Måns Carlsson- Sweeny (Ausbil Investment Management) joins the PRI’s Bettina Reinboth to explore how investors can engage with apparel companies to encourage better labour practices in the apparel industry. They discuss PRI’s recent investor briefing on the topic, including various red flags that investors should look out for which may indicate negative human rights practices in investee apparel companies and recommendations for effective investor-company engagement.
High-level trends All 32 companies publicly commit to respecting human rights. However, the level of commitment varies: a third has reached a very sophisticated level of commitment (standalone human rights policy/active participation in multi-stakeholder initiatives, etc.); a third has a clear and
High-level trends Half of the companies evaluated now report on the way they respond to human rights allegations. While companies from developed markets have slightly progressed, companies from emerging countries have stalled – with the same 14% disclosing on this area as in 2015.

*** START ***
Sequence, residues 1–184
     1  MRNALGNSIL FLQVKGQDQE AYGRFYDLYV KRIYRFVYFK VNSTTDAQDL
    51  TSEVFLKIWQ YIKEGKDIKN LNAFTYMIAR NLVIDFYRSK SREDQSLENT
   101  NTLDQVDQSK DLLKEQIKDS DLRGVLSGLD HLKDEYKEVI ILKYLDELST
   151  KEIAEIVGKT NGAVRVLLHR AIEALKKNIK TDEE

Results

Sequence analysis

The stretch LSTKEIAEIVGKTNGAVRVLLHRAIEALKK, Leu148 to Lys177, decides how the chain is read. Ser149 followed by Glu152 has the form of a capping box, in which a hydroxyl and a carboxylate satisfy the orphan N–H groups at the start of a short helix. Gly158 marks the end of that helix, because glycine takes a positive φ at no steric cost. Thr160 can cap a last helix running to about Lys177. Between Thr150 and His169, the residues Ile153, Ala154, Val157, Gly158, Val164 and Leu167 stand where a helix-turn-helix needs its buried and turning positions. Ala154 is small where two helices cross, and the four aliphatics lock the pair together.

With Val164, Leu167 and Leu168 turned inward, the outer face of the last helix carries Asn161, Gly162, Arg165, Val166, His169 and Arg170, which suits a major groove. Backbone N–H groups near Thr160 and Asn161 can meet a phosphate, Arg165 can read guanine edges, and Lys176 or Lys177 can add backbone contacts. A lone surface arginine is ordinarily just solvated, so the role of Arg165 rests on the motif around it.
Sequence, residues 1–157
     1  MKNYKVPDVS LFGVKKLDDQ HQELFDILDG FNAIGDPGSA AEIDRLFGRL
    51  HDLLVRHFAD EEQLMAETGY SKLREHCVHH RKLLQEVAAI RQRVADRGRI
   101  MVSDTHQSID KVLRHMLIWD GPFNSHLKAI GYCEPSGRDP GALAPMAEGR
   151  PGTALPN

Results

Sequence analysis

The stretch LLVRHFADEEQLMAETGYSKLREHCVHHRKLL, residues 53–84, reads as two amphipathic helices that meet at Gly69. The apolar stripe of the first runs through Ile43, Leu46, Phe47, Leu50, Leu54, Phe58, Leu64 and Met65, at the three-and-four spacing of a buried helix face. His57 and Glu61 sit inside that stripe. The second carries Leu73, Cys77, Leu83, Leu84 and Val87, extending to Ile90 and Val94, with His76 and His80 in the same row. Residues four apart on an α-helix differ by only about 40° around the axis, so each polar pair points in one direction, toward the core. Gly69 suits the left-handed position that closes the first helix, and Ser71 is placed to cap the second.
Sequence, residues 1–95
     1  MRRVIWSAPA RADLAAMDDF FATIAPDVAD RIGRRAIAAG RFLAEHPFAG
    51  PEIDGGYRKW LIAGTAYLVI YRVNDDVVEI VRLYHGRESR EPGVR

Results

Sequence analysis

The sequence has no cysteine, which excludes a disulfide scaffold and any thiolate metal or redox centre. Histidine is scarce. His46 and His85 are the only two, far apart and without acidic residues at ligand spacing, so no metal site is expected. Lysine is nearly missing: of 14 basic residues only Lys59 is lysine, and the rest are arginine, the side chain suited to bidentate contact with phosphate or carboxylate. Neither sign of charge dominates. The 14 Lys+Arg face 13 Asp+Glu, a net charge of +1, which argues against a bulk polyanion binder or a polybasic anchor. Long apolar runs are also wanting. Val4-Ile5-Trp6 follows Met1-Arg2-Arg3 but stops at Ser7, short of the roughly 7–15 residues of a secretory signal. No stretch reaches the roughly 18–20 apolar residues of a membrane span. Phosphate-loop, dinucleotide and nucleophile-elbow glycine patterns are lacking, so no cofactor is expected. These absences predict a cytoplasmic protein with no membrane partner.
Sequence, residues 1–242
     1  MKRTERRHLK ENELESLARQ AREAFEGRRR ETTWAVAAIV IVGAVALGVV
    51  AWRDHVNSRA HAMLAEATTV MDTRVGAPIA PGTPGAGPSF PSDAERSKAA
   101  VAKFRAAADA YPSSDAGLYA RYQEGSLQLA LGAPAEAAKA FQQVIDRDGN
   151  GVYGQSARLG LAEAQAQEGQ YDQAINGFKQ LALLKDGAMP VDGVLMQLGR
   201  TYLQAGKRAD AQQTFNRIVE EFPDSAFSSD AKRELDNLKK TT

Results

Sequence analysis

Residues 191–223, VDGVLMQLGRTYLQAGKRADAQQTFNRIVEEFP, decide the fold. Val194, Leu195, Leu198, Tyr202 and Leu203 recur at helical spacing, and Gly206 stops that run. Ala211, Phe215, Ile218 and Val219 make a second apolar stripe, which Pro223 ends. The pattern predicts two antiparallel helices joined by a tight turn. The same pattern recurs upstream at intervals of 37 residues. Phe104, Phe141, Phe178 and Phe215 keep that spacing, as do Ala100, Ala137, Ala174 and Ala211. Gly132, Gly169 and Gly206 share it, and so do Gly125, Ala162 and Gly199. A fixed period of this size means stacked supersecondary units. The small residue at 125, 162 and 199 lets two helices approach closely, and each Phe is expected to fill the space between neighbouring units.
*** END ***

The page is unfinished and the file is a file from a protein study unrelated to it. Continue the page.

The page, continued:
High-level trends Governance and oversight Companies have made continuous progress in terms of governance and oversight – in particular there are now twice the number of companies from emerging markets and smaller sized companies that disclose how their board and senior management oversees the
High-level trends Human rights risk assessment - identifying In 2015, two companies reported on human rights risk identification; this increased to 25 in 2017, making it one of the most improved areas. Almost all target companies have incorporated human rights considerations into their risk
High-level trends Stakeholder engagement Just over half the companies reported on stakeholder engagement in 2015, while as of 2017 almost all of them do. Companies that already reported on this indicator have strengthened their level of disclosure and the overall quality of stakeholder